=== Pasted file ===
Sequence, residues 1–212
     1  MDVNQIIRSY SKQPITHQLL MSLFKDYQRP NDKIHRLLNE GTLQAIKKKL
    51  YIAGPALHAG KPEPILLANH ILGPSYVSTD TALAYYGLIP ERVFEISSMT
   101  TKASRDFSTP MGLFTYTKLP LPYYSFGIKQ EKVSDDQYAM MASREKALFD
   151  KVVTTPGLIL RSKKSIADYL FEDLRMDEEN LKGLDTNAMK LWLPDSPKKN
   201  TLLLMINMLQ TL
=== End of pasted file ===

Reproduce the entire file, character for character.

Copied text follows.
Sequence, residues 1–212
     1  MDVNQIIRSY SKQPITHQLL MSLFKDYQRP NDKIHRLLNE GTLQAIKKKL
    51  YIAGPALHAG KPEPILLANH ILGPSYVSTD TALAYYGLIP ERVFEISSMT
   101  TKASRDFSTP MGLFTYTKLP LPYYSFGIKQ EKVSDDQYAM MASREKALFD
   151  KVVTTPGLIL RSKKSIADYL FEDLRMDEEN LKGLDTNAMK LWLPDSPKKN
   201  TLLLMINMLQ TL